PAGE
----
Still standing. I’d like to say the same for myself, 20 yrs from now 😐

Greg Stubbings says:

on April 2, 2013 at 5:04 am

Joe, you and David stand as leading lights to up and coming photographers. You both share your wisdom and knowledge so openly; a credit to you both.

Sean Reason says:

on April 2, 2013 at 5:18 am

Such “Mateship” is superb

Bob says:

on April 2, 2013 at 5:19 am

Joe – you have a special personal touch that came through in this post. Thanks.

Ed dougherty says:

on April 2, 2013 at 6:41 am

Nice piece sounds like a great guy

Bill Frakes says:

on April 2, 2013 at 8:14 am

Wonderful read.

Neither of you has spent much time standing though, more like running hard, and both incredibly generous about sharing not only your stories but helping other photographers learn and grow.

Ironically Heinz and I spent the better part of an hour yesterday talking about our moms.

Safe travels

Darcie says:

on April 2, 2013 at 9:05 am

As Napoleon Bonaparte said, “A picture is worth a thousand words.” And you guys have an amazing eye, seeing things/people in a way that most people can not. I enjoy seeing your work. One of my most cherished memories and honors from working at Kodak was meeting and working with some of the greatest photographers and editors. It’s such a awesome feeling to say that I have met you all.

Tyler Vance says:

on April 2, 2013 at 9:19 am

Joe, in my lifetime I have been honored to work with both you and David.

I believe you guys are the best mentors any photographer could have.

Thanks to both for sharing your life views and expertise with me and countless others who have benefited.

tyler vance

James says:

on April 2, 2013 at 11:46 am

Dave Harvey doesn’t sound right. He’s a three namer like all the assassins. David Alan Harvey.

Ashley says:

on April 2, 2013 at 1:38 pm

Beautiful post …

Joe McNally says:

on April 2, 2013 at 2:17 pm

Same back Bill…thanks for stopping by the blog. Give my best to Heinz….Joe

Connie Marshall says:

on April 2, 2013 at 3:35 pm

You have kept me afloat with laughter and vicarious adventures throughout your Kelby Training video escapades that I watch in between caring for my elderly parents. So, it came as a surprise when tears rolled down my cheeks as I read your blog post today. Your courageous decision to photograph and share your mother’s beautiful humility during her final days revealed as much about you as her (God bless her soul for suffering the raising of a hellion like you – just had to throw that in). I have been intimidated by and afraid to photograph the sometimes messy process of nearing the end of one’s life. I am so grateful that I clicked the shutter anyway.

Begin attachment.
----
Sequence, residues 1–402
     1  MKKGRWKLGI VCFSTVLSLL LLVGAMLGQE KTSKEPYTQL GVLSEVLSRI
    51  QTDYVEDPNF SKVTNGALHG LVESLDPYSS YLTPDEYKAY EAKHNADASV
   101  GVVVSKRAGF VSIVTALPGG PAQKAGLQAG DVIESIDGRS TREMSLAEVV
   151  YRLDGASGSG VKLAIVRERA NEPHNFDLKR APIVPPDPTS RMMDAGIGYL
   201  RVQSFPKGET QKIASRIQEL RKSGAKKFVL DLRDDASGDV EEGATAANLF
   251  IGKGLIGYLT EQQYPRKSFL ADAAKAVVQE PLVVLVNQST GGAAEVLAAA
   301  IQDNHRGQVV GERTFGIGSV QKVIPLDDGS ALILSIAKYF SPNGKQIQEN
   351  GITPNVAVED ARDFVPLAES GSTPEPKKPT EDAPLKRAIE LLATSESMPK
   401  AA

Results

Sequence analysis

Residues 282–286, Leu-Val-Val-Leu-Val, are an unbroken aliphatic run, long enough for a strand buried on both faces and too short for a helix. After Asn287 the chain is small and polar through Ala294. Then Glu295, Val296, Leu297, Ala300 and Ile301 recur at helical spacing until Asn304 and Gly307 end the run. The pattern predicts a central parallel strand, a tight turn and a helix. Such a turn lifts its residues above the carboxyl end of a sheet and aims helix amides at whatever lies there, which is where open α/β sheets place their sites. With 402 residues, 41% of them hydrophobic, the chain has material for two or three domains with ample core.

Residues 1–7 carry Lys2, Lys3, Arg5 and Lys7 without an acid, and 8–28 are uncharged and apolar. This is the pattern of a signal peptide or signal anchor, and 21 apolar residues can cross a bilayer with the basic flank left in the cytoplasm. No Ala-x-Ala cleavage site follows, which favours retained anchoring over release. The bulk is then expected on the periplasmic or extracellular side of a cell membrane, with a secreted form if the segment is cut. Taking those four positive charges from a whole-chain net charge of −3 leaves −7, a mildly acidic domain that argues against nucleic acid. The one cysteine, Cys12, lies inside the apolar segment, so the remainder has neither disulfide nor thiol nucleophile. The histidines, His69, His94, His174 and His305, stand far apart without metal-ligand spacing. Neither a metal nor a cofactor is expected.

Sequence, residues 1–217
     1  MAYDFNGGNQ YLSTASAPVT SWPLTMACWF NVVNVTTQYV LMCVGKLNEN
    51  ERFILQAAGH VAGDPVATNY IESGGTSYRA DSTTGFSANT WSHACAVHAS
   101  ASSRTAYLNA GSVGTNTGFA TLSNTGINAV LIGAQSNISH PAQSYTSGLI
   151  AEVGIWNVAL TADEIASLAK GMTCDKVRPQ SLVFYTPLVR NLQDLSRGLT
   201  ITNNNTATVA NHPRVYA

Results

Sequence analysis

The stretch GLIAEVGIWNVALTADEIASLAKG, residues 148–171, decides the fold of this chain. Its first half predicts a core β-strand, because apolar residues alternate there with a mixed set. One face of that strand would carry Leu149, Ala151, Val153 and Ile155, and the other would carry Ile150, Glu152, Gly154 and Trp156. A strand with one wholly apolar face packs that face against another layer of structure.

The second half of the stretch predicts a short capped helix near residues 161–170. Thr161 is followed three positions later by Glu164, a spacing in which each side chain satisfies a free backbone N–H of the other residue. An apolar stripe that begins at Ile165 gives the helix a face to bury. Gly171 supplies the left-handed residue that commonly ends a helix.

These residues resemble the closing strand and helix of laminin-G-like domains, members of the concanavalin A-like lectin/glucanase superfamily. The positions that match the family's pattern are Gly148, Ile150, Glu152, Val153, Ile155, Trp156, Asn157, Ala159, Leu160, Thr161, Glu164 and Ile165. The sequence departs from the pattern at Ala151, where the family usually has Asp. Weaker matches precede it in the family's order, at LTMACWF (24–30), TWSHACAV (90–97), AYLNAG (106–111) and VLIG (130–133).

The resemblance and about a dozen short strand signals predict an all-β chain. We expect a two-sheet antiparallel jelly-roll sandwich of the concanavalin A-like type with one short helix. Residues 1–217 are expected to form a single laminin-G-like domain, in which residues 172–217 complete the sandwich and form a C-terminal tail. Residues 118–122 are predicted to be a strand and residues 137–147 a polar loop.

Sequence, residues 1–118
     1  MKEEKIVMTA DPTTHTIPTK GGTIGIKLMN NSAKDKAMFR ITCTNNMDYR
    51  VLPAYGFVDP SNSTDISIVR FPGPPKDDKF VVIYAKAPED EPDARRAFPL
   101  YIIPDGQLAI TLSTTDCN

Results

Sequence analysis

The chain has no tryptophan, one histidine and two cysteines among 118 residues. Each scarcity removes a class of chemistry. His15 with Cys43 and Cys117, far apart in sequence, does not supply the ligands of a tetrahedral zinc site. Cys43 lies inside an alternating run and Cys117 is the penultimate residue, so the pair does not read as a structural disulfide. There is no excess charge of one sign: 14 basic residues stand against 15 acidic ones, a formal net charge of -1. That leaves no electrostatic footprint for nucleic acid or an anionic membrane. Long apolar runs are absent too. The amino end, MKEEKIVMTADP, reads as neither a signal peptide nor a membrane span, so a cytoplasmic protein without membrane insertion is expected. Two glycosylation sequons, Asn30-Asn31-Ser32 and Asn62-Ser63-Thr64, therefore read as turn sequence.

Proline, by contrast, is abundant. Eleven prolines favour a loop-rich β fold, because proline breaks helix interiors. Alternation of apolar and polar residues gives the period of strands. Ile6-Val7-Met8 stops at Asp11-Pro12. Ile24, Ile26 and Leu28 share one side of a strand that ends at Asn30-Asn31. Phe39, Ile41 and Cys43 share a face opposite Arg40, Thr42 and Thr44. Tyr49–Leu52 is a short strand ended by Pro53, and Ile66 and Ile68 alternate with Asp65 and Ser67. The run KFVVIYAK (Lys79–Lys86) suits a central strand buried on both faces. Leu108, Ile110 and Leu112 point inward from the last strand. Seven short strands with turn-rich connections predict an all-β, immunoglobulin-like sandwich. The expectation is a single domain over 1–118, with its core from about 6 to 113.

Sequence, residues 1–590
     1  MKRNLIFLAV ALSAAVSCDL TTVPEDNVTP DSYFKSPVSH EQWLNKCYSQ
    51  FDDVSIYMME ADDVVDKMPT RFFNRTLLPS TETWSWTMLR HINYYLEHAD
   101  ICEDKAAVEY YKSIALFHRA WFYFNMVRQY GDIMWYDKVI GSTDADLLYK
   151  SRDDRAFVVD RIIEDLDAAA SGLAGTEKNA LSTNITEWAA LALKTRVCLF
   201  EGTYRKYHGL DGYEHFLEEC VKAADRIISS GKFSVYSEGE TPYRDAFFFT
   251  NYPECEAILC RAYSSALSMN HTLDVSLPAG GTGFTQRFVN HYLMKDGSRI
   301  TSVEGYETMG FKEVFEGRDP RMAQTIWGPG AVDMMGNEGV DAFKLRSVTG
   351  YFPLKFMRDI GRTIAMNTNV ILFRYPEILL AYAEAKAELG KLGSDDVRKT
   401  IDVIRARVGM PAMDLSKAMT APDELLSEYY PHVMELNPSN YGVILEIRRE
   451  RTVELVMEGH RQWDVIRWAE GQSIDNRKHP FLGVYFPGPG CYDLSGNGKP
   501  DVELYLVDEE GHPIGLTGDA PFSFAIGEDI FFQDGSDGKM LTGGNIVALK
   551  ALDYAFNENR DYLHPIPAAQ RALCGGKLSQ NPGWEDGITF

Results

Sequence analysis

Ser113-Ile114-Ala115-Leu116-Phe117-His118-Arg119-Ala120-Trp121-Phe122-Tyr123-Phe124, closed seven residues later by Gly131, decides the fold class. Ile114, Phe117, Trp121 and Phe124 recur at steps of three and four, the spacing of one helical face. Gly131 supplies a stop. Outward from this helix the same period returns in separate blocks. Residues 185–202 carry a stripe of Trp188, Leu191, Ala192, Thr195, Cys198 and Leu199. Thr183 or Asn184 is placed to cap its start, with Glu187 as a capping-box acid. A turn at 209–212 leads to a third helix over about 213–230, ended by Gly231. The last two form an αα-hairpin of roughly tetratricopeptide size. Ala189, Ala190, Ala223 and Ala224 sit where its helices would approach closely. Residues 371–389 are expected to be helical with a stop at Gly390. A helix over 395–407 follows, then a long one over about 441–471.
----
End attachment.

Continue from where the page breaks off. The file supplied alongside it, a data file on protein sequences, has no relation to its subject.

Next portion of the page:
Simon says:

on April 2, 2013 at 11:57 pm

Mums, dads, friends, family, life…

Pictures that sometimes seemed like just a passing click of the shutter at the time transform into so much more down the track – often becoming both timeless & priceless. In a way that sometimes disturbs me I am often thinking of this process as I make my clicks, knowing that those images may well become the physical memories I or someone else may be left with of a loved one.

Hannes Uys says:

on April 4, 2013 at 2:08 am

Oh boy what an amazing piece you wrote here Joe with so many truths about life and this industry. The more things change the more they stay the same. Will be an honour to see you South Africa in June. ~H.

Ryan Crouch says:

on April 4, 2013 at 6:21 pm

My two favorite photographers of all time gathered together..what I would have given to be there!!!

Greg Latza says:

on April 16, 2013 at 1:17 am

How ironic…the one and only time I’ve met you and Mr. Harvey was at the 1993 Eddie Adams Workshop, possibly the one you speak of. Harvey slapped on a slide tray and wowed a group of us students late one evening; each new slide even better than the last. As for you, I stood in a long line waiting for my 20-slide portfolio to be critiqued, positive that you would stop and exclaim that I was a diamond in the rough (kind of like how Ralphie expects an A+++ on his Red Rider BB gun essay in “A Christmas Story”). Instead, you took one glance at my slides, took a long, weary pull off your longneck, and told me how I had about two good photos and 18 really crappy ones. Some of the best advice I ever got! Your brutal honesty was a great help then and always makes for a great read now on the blog. Thanks again for the critique!